Helena Blavatsky Biography

Helena Blavatsky
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Helena Blavatsky
Quick Facts

Birthday: August 12, 1831

Nationality: American, Russian

Died At Age: 59

Sun Sign: Leo

Also Known As: Helena Petrovna Blavatsky, Yelena Petrovna von Hahn

Born Country: Russia

Born in: Yekaterinoslav, Russian Empire (now Ukraine)

Famous as: Philosopher

Philosophers American Women

Family:

Spouse/Ex-: Nikifor Blavatsky, Michael C. Betanelly (m. 1875–1878)

father: Peter Hahn

mother: Yelena von Hahn

Died on: May 8, 1891

place of death: London, United Kingdom

Cause of Death: Flu

Founder/Co-Founder: Theosophical Society, Theosophical Society of New York, Theosophical Society in America, Theosophical Society Pasadena, Theosophical Society of the Arya Samaj

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Helena Petrovna Blavatsky was a nineteenth century Russian occultist, philosopher and author. Best known as a cofounder of the Theosophical Society, she was born into an aristocrat German-Russian family. From her early childhood, she showed some kind of psychic power, very often experiencing hallucinatory visions, occasionally writing messages in handwritings that were not her own. Moreover, she was a clever linguist, a gifted pianist and a great artist. Also a fearless rider, she rode half-broken horses with ease and loved nature. At eighteen, after a short unconsummated marriage, she left home, traveling far and wide for many years, reaching India and then Tibet, where she underwent occult training, eventually founding the Theosophical Society at the age of forty-four and becoming a naturalized US citizen at the age of forty-seven. Thereafter, she returned to India, where her work gained recognition. Later, she returned to Europe due to ill-health, spending the last few years of her life in London, where she died at the age of fifty-nine.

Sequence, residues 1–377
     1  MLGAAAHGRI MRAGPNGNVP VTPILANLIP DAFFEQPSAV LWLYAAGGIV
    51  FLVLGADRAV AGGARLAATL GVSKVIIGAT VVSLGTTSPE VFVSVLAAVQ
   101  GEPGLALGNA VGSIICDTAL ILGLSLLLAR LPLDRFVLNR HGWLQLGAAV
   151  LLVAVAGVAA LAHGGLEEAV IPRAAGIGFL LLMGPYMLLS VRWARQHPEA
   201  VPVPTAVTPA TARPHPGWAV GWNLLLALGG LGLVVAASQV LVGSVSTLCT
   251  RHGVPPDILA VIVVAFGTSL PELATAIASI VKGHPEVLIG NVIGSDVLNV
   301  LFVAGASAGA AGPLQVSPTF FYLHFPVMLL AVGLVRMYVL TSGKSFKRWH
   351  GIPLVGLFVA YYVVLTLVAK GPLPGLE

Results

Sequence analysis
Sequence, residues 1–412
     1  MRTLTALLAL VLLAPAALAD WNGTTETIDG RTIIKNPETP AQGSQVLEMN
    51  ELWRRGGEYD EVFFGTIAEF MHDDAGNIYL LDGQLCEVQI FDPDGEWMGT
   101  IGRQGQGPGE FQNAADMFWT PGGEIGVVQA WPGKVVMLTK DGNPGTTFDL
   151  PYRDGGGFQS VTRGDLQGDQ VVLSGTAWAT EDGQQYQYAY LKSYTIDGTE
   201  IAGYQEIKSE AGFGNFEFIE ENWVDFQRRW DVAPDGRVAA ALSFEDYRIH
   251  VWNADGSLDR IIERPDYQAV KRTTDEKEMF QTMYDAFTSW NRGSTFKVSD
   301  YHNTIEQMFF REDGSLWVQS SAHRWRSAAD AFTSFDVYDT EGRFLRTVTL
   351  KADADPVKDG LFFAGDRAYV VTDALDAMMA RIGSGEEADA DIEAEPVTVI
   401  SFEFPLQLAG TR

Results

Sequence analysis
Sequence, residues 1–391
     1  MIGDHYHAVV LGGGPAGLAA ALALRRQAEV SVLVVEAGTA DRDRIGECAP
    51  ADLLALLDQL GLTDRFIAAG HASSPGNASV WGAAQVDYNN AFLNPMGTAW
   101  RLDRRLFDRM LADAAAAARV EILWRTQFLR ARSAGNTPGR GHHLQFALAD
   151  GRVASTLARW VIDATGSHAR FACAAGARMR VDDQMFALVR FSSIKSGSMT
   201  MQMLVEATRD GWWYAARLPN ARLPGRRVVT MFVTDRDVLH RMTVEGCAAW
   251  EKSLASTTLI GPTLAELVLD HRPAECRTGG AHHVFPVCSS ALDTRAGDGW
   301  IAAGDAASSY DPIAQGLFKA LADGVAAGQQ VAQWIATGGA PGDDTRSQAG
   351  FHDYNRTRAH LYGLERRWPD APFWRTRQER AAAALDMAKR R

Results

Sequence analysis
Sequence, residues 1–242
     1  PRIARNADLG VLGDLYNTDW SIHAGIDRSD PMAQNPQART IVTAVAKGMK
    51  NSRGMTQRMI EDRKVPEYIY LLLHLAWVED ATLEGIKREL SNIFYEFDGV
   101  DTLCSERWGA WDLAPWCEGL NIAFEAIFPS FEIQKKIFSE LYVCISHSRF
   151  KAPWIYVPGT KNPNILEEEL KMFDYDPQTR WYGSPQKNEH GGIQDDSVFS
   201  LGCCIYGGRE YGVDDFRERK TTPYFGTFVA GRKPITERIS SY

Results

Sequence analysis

Childhood & Early Years
Helena Petrovna Blavatsky was born as Yelena Petrovna von Hahn on 12 August (O.S. 31 July), 1831, in her maternal grandparents’ home in Yekaterinoslav, now in Ukraine. At the time of her birth, her father Pyotr Alexeyevich von Hahn was a captain in the Russian Royal Artillery. Her mother Helena Andreyevna von Hahn (née Fadeyeva) is remembered as a noted author.
Born the eldest of her parents’ four children, she had two brothers named Sasha (died in infancy) and Leonid and a sister named Vera. From her father’s second marriage, she also had a half-sister called Liza.
Because of her father’s military service, Helena spent her early childhood in various military camps. However, in 1837, she went to live with her maternal grandparents at Astrakhan, where she met a Kalmyk leader who practiced Tibetan Buddhism. Although she was very young, the meeting had a great impact on her.